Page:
Leafhoppers feed on many different fruit, vegetable, flower, and woody ornamental hosts. Most species of leafhoppers feed on only one or several closely related plant species. Adults mostly are slender, wedge-shaped, and less than or about equal to 1/4-inch long. Leafhoppers generally are varying shades of green, yellow, or brown, and often mottled. Some species are brightly colored, while others blend with their host plant. Leafhoppers are active insects; they crawl rapidly sideways or readily jump when disturbed. Adults and nymphs and their pale cast skins are usually found on the underside of leaves.
Leafhoppers go through incomplete metamorphosis in their development. Female leafhoppers insert tiny eggs in tender plant tissue, causing pimplelike injuries. Overwintered eggs begin to hatch in mid-April. Wingless nymphs emerge and molt four or five times before maturing in about 2 to 7 weeks. Nymphs resemble adults except that they lack wings; later-stage nymphs have small wing pads.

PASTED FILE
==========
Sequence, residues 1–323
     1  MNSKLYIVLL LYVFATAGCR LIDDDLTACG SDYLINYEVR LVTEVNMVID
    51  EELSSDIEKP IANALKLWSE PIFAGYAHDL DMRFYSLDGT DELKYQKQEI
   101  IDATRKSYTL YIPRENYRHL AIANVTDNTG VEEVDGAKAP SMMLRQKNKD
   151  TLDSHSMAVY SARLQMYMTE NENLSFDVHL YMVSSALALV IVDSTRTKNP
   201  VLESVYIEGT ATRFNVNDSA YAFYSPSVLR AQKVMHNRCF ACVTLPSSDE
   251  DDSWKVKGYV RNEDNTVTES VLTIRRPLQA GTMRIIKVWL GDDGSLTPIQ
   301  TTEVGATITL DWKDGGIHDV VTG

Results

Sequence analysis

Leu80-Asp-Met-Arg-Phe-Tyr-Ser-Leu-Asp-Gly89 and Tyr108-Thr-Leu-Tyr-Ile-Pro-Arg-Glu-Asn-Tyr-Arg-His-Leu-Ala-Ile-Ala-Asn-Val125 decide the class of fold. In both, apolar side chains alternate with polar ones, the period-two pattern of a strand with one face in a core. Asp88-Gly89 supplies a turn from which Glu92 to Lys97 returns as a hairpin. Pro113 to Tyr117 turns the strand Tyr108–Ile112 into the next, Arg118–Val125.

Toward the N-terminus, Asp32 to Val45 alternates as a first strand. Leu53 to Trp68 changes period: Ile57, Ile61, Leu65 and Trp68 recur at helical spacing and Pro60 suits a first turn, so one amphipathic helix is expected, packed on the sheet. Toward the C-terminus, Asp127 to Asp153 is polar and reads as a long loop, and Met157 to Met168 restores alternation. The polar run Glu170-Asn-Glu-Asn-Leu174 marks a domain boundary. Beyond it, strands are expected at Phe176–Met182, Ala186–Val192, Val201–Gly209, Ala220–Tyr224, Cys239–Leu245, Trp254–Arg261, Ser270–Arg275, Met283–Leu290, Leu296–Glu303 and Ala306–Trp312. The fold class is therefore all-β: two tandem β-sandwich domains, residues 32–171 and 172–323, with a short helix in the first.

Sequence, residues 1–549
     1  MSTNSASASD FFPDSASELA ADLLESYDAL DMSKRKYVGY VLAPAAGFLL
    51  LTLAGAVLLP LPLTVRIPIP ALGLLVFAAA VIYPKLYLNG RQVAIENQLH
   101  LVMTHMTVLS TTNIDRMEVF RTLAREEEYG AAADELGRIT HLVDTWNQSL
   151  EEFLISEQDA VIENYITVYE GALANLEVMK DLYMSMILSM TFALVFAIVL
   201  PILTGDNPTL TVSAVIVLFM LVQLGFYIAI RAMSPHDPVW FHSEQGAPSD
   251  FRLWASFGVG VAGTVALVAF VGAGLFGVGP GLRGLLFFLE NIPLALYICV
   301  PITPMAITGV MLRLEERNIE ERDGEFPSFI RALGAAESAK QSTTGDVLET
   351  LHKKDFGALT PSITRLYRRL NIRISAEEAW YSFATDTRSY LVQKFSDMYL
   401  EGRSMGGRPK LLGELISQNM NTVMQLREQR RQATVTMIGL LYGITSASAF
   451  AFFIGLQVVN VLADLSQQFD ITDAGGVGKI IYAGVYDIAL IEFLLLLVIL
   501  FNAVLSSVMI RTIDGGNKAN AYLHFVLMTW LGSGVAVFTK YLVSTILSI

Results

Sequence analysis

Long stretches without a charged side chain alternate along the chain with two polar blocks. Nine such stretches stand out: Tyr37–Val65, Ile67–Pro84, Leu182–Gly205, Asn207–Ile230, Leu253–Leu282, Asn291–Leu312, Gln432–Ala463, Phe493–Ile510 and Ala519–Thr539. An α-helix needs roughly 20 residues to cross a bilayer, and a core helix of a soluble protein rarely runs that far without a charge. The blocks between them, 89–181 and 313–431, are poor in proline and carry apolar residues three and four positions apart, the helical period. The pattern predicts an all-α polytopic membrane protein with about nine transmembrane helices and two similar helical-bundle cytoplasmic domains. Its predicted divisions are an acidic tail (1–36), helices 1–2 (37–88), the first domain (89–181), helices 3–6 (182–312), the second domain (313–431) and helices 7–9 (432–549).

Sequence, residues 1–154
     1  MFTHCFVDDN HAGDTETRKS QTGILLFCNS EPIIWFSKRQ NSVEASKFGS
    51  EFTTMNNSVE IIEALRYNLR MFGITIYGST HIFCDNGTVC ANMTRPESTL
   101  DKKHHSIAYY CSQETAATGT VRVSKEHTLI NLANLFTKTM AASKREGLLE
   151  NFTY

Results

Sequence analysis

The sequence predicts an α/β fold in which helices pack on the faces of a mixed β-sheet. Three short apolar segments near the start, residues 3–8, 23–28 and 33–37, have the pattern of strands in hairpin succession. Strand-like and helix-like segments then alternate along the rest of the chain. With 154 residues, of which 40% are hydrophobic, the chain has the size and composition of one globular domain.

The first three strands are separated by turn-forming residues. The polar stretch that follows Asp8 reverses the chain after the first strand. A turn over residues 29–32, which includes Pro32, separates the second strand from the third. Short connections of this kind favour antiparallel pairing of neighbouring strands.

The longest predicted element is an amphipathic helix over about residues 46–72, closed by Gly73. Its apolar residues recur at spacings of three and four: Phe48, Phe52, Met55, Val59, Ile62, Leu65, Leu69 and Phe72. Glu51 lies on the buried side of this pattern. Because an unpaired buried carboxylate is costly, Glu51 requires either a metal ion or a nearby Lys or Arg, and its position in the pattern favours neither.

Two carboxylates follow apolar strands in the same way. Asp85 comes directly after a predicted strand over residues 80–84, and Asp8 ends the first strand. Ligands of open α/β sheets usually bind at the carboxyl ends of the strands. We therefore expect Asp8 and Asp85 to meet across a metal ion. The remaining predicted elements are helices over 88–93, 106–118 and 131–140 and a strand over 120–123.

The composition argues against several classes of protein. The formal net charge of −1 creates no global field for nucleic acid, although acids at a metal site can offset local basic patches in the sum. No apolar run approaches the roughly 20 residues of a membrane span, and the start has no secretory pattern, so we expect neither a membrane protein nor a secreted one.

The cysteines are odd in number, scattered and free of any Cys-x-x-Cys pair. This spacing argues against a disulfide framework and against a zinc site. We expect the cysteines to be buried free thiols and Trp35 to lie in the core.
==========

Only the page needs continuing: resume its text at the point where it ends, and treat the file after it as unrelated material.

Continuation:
Leafhopper feeding causes leaves to appear stippled, pale, or brown, and shoots may curl and die. Some species cause a diamond-shape yellowing from the leaf tip. A few species secrete honeydew on which foliage-blackening sooty mold grows. Black spots of excrement and cast skins may be present on leaves and/or fruit. Some leafhopper species transmit plant diseases, but this is troublesome mostly among herbaceous crop plants.
Because of their mobility, leafhoppers are difficult to control. Fortunately, control is rarely needed. General predators may have some impact. In grapes, rely on specific natural enemies. Remove alternate hosts to reduce populations that could otherwise later migrate into the crop. Insecticidal soap or narrow-range oil can be applied to infested foliage to reduce high populations of leafhopper nymphs but will not reduce virus transmission significantly; thorough coverage of leaf undersides is important. It is very difficult to control adults effectively and no control is recommended.
For more gardening advice or topics from the Colusa County Master Gardeners, visit http://cecolusa.ucanr.edu